Boards of directors are the people who determine business decisions that shape many aspects of society. Prominent efforts to increase gender diversity on boards are making a difference, albeit slowly — in 2020 more women were in the boardroom in both private and public companies. However, in a country in which women of color are nearly one in five Americans, under 5% of Fortune 500 board directors are women of color — and this figure dips to 3% for private boards. How can a company's board make a meaningful mark on products, services, and even medical advances that serve all people?
I wanted to explore this question with two women who are doing the work and contributing a great deal to changing the dimensions of board service. They're also mentors and excellent networkers — two skills that are much needed on boards and in business.
During a recent video chat, I asked them to tell me about their current portfolios, and advice they have for women of color who are on boards or aspire to join them. One of my guests, Merline Saintil, has a distinguished career in strategic operations and product development for companies including Intuit, Yahoo, PayPal, Adobe, Joyent, and Sun Microsystems. Among her many board seats, she is on the board of GV portfolio company GitLab. My other guest, Claire Cormier Thielke, is the managing director of Hines Asia Pacific in Hong Kong, focusing on investments in real estate development across the region. She sits on the board of Zillow, and also teaches at Stanford on the intersection of tech and real estate.
Both Merline and Claire emphasized a few key elements that fuel their efforts. One is the idea that board service and advising businesses are a form of giving back to their community. Merline told us she spends a lot of time seeking out her friends and community to support, including advising a diverse set of startups. "Sometimes I feel like I have 10 jobs," she said, "but I'm really loving every single minute of it."
Claire linked board service to broader systemic patterns, observing that "only 8% of African Americans own stock, and that African Americans are 80% more likely to get turned down for a home loan when they have similar circumstances to their peers." She believes these are the "important questions to bring to mind and bring to the table, and affect business strategy. Once I saw the impact that could have, it just became such an important part of how I saw my service to my African American community."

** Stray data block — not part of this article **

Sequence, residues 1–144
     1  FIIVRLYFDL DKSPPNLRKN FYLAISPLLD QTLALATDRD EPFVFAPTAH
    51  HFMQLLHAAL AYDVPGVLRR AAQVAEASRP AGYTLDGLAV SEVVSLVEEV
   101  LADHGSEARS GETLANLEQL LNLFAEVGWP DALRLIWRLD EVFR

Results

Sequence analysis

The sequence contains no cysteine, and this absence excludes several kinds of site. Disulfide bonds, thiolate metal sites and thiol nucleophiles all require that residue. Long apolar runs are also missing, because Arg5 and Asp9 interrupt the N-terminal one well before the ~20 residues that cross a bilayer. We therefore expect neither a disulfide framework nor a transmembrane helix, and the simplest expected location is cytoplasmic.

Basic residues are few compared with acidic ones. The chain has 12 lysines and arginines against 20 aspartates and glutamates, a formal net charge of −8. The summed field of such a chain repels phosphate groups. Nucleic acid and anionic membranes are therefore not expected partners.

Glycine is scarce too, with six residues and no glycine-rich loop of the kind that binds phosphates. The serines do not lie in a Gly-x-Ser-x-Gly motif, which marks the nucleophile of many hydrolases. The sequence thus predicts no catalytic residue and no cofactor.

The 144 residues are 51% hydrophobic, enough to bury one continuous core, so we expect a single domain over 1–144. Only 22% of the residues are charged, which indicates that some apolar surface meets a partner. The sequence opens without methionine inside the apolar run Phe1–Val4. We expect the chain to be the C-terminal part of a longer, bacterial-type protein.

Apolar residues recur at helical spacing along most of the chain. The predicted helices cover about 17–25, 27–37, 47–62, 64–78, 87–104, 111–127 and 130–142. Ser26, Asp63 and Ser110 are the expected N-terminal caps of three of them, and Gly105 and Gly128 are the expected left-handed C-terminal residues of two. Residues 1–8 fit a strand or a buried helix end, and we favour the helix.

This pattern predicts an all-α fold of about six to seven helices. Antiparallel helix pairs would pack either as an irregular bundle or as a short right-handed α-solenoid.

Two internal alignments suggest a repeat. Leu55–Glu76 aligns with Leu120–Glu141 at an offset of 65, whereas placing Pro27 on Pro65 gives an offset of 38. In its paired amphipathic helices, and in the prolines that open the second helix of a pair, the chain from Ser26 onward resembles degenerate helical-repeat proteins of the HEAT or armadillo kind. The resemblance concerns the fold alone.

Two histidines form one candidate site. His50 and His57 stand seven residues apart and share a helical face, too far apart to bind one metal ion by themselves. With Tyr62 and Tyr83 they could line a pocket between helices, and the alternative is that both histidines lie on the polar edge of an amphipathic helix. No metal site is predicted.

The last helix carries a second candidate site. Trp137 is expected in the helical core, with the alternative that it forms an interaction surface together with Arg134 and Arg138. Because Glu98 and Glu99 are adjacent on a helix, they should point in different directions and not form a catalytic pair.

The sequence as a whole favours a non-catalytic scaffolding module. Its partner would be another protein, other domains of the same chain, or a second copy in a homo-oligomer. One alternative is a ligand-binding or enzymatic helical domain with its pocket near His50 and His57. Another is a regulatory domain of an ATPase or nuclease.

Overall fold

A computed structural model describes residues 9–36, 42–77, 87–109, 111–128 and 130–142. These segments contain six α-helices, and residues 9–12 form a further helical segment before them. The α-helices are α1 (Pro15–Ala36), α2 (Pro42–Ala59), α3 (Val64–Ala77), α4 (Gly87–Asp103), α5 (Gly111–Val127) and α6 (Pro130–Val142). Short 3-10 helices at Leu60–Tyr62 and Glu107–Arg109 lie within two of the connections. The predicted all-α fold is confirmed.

"I would say Black women, in particular, are often over-mentored and under-sponsored."
Another key element is the ability to see beyond traditional approaches. While she was working in the office of the CTO at Intuit, Merline wondered how her collective experiences could help companies at a board level. She knew her expertise in technology cybersecurity digital transformation is more relevant than ever (even if not "traditional" for board service). Going her own way by proffering her distinctive skill set has certainly been a key to her success.
Finally, both women see incredible value from cultivating their personal networks, including mentors and others who can help open doors. Merline noted that "sponsorship is "key to helping women generally and women of color step forward. "I would say Black women, in particular, are often over-mentored and under-sponsored," she said, which led her to become active in groups such as Directors Academy, Rich Talent Group, Him For Her, ATHENA, AllRaise, and The Boardlist. She and an esteemed colleague also started a small network to meet emerging Black and Latina women leaders. As Merline said, "I'm all about accelerating opportunities for people who want to hustle in life. That's who I am to my core."
Claire has felt the encouragement from seeing the overlap between her connections and how "we are able to celebrate all of the wins that there have been in this space. It's just created this incredible sorority. You're just finding other folks who are like you, and expanding and finding ways to amplify and really try to grow representation, really for all underrepresented groups." To see what we can do and how we can help others bring something great to the table, she says, has been nothing short of tremendous.
Our conversation demonstrated this spirit of generosity and paying it forward, as it was clear these women are genuinely rooting for the success of others. Merline and Claire also understand the value that women of color bring to business and bring it in the way they've walked in the world. Here's to much, much more of that.